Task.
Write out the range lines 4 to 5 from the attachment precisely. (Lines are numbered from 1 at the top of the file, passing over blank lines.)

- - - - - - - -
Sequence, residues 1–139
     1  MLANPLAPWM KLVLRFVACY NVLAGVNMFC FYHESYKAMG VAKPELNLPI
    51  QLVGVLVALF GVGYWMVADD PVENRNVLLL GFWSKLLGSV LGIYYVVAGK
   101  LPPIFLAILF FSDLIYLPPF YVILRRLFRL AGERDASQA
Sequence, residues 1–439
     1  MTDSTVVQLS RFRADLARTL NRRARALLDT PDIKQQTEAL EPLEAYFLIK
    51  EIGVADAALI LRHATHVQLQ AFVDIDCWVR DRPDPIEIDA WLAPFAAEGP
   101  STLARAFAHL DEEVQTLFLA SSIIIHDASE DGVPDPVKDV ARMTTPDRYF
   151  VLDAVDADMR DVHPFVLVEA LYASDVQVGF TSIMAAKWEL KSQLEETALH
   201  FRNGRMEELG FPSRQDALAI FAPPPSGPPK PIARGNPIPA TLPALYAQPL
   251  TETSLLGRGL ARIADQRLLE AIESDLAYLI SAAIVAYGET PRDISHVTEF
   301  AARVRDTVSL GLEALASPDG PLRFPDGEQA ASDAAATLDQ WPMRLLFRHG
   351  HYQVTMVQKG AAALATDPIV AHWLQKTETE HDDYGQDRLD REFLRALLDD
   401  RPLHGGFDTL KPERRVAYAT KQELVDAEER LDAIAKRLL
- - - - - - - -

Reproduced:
   101  LPPIFLAILF FSDLIYLPPF YVILRRLFRL AGERDASQA
Sequence, residues 1–439